Hello, everyone. This time I have a special treat. (Pun intended this time, too.) A friend of mine took a video of me making gluten free banana bread in my kitchen (on location, as they say). He added a few extras and voila! an educational video, which is now live on YouTube. Here’s the link:

I hope you enjoy the video, as well as the yummy banana bread you can make using these instructions. I used a recipe my mom and grandma both used, and tweaked it to make it gluten free. It’s in my cookbook “The Gluten Free Gourmand,” along with other recipes I’ve  adapted. Also included in the cookbook are recipes which are naturally without gluten, like salads and vegetables.

The Gluten Free Gourmand is available at Auntie’s Bookstore in Spokane, Washington, and online at Amazon, Kindle, and Smashwords.

A huge thank you to Curt Rein, freelance videographer extraordinaire. His favorite venue is local live music. Check out his YouTube page using the link below::

Curt Rein

Until the next time, live long and prosper.

 

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Finally!

Hello everyone. It’s been a long winter (as the song says), but we persevered. My NaNoWriMo project got interrupted midway through the month by the worst windstorm Spokane has seen in many long years. We were without power for a while, and part of our fence blew over. We were among the more fortunate. People throughout the area experienced trees falling on their fences, their houses,  their cars, and nearby power lines. Spokane public schools were closed, and many businesses as well. In the true Spokane spirit, neighbors and friends helped and looked out for each other.

In spite of all the chaos, I did manage over 30,000 words for the month. Now I am editing and finishing up the story to get ready for publication. Send in the Drones, the next Emily Trace Mystery, will be released sometime this year. I’m hoping for sooner than later. I’ll keep you posted.

I have also starred in a video promoting my little cookbook, The Gluten Free Gourmand. It was fun to do, and I’m pleased with the result. You can find it on YouTube. Click on the link and check it out. Many thanks to Curt Rein for filming and editing. I will have to pay in banana bread every week for the next twelve years.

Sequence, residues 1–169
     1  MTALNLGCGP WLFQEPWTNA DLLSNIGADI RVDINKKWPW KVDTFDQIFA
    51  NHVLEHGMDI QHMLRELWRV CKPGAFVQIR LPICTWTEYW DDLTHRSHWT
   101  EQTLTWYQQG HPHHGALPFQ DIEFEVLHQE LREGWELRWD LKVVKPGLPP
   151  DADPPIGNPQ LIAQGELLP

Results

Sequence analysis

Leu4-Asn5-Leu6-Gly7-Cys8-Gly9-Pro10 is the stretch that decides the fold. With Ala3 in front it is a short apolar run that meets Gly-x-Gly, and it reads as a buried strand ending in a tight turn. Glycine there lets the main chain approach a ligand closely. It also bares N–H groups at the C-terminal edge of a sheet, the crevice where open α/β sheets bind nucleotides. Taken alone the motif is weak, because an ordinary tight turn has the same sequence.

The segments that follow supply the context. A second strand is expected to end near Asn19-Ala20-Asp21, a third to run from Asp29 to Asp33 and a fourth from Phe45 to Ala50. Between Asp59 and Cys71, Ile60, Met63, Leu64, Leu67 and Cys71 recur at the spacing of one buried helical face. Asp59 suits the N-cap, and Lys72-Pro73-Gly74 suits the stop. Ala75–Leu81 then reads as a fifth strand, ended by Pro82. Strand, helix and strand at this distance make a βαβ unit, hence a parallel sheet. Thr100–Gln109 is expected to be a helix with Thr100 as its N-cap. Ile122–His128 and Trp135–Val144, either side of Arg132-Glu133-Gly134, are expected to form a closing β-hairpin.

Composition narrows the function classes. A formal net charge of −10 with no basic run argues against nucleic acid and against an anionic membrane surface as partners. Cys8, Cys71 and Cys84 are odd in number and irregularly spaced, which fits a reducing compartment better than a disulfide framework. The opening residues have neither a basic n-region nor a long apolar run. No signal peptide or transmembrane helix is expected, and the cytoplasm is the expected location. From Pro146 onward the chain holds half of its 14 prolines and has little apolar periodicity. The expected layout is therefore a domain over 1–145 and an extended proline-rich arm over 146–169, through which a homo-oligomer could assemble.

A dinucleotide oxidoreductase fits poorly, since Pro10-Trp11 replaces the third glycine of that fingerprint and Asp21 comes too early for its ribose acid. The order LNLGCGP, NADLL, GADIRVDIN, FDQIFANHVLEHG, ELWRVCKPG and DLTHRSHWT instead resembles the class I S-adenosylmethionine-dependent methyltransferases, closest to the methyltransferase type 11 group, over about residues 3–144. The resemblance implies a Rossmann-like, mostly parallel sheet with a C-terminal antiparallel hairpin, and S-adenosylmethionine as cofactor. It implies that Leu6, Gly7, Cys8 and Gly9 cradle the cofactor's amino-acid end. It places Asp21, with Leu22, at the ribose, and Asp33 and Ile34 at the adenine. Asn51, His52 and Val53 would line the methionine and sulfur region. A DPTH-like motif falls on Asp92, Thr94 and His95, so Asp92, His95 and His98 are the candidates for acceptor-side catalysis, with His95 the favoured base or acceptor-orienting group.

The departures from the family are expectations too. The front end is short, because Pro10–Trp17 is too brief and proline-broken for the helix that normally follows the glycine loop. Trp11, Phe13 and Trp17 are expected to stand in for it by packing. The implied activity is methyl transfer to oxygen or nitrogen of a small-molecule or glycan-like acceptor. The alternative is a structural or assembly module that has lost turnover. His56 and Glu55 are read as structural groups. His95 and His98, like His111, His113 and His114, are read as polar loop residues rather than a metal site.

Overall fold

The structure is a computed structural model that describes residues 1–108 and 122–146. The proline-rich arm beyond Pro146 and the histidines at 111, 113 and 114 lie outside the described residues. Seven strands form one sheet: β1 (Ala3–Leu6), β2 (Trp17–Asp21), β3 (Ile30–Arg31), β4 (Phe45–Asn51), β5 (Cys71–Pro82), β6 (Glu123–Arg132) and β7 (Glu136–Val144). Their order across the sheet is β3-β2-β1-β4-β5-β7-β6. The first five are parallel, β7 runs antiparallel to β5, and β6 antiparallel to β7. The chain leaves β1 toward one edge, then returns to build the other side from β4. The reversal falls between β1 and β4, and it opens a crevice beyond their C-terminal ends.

My friend and fellow author Kate Poitevin and I will be doing two book signings in the next two weeks. Check out the Events page on this site for details.

Hope your valentine was especially sweet to you, and that you have a rousing St. Patrick’s Day. May the luck of the Irish be with you.

 

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November Events

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I just finished the first week of National Novel Writing Month, wherein writers are challenged to write 50,000 words in the month of November. This is the first year I’ve participated, and I must say it has been a learning experience.

First of all, I learned that I can write more than I realized. It doesn’t take an 8-hour day to write 1,667 words. That’s the word count necessary to do every day in order to reach the 50,000 word goal of NaNoWriMo. In fact, I’ve done most days in a couple of hours. I’m a little bit behind the recommended amount, but I’m close enough that I can boost the average if needed. As of the end of the day on November 7th, I had logged 10,045 words.

Second, I learned that writing every day around a busy schedule is not as impossible as I thought it would be. Granted, I’ve done quite a bit of research, but not enough to warrant taking 10 months to write 15,000 words, which I did this year.

Third, I learned that I don’t need to neglect my family, my friends, my other life obligations and activities, my personal hygiene, or my need for sustenance (other than caffeine).

Finally, the experience of participating in National Novel Writing Month (NaNoWriMo) has been liberating. It has taught me that yes, I am now a real author and I like the lifestyle.

I’ll post again at least at the end of November, so I can let you know how I did at the finish line. 50K or not 50K – that is the question. In the meantime, I would like to invite all of you who live in the Spokane area to my book signing Saturday, November 21 from 1-3 p.m. at Auntie’s Bookstore, 402 W. Main Ave., Spokane, Washington. Hope to see you there.

Happy Thanksgiving!!!

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A fitting tribute to a great man…Leonard Nimoy memorial, WorldCon 2015

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Leigh Ann Hildebrand, Ginger Buchanan, and David Gerrold share their memories of Leonard Nimoy with attendees at WorldCon 2015 Sunday, August 23 in Spokane, Washington.